Funnily enough, 94% of consumers care for the environment. Yet the vast majority still prefer fast, next-day delivery over an eco-friendly alternative. However – Half of these consumers are unaware that next-day delivery is worse for the environment than standard delivery options. So if the intent for environmental change is there, a business can utilise the lack of speedy shipping to educate and appease consumers while maintaining a high degree of transparency with them.
Another issue surrounding high delivery volume is the increased likelihood of high returns. Ecommerce shipping exempts the ability to review products as you would in-store. As a result, returns are bound to be higher due to ease and convenience. In fact, research from Barclaycard found 30% of shoppers deliberately over-purchase and subsequently return unwanted items.
Due to the nature of online shopping and the ease of returns processes, it can be difficult to control return volumes. There are ways to easily manage them though. Damaged goods are a prime example. If a product is faulty and in need of replacing, consider sending out a new one to avoid the process of an unnecessary return. This will eliminate the need to arrange new pick-ups, meaning one less truck on the road.
A sustainable shipping process is supported by the use of eco-friendly materials within those shipped packages. Filling materials such as styrofoam and plastic bubble wrap are meaningless to many of us because we are so accustomed to immediately chucking protective packaging in the bin.
However, these materials are hazardous to the environment and add to your carbon footprint. Those little styrofoam peanuts you find scattered at the bottom of your delivery box, which ends up in the trash, last for what seems like forever.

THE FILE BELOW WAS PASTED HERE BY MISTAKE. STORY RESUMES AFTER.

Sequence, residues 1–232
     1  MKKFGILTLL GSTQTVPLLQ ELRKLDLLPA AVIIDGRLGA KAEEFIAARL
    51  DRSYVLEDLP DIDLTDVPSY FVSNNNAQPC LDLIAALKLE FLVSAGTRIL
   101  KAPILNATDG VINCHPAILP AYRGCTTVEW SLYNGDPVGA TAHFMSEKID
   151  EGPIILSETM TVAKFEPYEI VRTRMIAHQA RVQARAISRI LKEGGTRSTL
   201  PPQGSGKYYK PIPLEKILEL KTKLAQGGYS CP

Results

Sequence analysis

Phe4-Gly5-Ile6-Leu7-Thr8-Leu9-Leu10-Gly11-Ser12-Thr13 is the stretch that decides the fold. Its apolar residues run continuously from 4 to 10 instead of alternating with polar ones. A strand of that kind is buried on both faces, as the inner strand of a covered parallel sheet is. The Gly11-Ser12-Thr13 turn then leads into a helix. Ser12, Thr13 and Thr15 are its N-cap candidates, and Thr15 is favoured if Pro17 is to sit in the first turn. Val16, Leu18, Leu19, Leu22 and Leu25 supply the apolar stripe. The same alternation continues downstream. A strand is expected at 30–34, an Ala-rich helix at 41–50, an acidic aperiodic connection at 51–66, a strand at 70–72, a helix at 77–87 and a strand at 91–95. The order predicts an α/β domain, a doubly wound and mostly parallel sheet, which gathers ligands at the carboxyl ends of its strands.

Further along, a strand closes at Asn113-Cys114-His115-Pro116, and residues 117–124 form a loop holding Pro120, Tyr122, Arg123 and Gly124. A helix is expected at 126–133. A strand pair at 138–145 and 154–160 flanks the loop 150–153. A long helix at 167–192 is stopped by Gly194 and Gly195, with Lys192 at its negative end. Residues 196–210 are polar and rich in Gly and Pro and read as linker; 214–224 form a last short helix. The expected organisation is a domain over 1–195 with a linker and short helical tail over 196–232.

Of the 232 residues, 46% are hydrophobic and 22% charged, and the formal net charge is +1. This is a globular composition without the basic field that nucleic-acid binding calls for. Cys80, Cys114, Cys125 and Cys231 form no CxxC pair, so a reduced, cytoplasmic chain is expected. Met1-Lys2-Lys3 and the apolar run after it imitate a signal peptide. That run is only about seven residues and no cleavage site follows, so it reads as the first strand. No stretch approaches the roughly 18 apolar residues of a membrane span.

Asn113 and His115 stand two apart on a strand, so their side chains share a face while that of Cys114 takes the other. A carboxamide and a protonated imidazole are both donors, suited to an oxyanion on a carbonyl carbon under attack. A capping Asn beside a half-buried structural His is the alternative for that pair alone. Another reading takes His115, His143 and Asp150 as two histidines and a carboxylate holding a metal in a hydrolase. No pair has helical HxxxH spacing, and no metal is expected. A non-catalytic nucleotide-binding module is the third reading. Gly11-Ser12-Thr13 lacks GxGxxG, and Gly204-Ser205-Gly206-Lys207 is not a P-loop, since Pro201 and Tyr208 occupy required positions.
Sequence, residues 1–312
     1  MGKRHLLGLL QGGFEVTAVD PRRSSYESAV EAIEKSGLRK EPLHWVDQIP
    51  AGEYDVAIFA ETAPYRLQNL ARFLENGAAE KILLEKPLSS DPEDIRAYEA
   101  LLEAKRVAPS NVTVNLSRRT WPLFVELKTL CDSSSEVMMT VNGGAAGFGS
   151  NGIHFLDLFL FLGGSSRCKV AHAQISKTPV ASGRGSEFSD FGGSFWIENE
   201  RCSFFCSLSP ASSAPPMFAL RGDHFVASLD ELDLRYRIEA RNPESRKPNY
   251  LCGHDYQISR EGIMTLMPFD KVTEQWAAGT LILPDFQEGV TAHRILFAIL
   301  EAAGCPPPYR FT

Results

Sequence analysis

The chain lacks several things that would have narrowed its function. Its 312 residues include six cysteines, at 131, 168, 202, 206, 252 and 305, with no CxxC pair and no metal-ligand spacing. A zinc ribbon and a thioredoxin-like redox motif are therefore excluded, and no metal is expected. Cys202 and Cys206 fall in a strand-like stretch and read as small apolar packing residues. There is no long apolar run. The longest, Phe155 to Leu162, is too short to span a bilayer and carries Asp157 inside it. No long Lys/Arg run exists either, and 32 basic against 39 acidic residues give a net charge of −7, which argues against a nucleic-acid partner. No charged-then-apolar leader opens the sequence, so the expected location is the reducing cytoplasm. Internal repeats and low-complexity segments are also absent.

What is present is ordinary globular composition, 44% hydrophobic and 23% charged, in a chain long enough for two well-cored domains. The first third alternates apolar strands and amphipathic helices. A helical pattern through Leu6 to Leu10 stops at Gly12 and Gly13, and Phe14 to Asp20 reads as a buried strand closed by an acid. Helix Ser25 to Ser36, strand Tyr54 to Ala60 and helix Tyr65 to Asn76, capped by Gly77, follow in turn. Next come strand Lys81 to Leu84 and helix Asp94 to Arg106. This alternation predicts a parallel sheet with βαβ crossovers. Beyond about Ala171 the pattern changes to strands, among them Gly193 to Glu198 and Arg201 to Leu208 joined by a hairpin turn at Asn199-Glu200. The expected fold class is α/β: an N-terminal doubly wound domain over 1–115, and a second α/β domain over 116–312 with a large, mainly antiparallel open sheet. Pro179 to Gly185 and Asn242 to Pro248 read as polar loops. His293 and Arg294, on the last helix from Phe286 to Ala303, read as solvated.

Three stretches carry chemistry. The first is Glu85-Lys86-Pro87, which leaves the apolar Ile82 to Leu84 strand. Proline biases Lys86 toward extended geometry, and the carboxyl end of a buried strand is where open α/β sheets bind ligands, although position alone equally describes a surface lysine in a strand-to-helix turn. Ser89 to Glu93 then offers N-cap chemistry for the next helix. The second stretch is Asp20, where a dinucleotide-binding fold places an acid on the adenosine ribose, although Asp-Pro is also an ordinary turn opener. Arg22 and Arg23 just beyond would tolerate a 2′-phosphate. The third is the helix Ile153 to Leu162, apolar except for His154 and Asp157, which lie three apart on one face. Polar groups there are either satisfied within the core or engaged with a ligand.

Plastic packaging on average can take up to 500 years to decompose. Over time, the deterioration of plastic into little pieces finds its way out of landfills and into oceans. Then, marine life mistakes these little nuggets of plastic for food, and typically ends up consuming them for dinner…
The devastating environmental impact caused by discarded manmade materials has reached critical levels. At least 267 different species have been affected by plastic pollution in the ocean. With proven negative consequences on ecosystems and now also potentially human health, consumers are becoming environmentally conscious and hold businesses and their packaging standards accountable.
Alas, even the overlooked parts of shipping practices can be made greener. Avoid using plastic packaging for your products wherever possible. Choose sustainable packaging materials which are eco-friendly, recyclable and cost-effective. By doing this, you give 9 out of 10 customers fewer materials to dispose of making recycling easier.
Greenhouse gases are an inevitable result of the shipping industry. But that does not mean we are incapable of controlling the volumes of greenhouse gases produced from our output. Over time, taking the above sustainability practices and turning them into the norm for shipping services may actually begin to undo some of our unintentional wrongdoings.
In the next article, we will focus more intensely on international shipping and debate the ethos of land freight, harbour freight and airmail. Comparing the impact of each type of transport and looking deeper into the bigger picture. In the meantime, join the One Tribe team in our fight against climate change. And use our 20 step sustainability checklist which was made to help you easily transition into becoming a fully sustainable brand.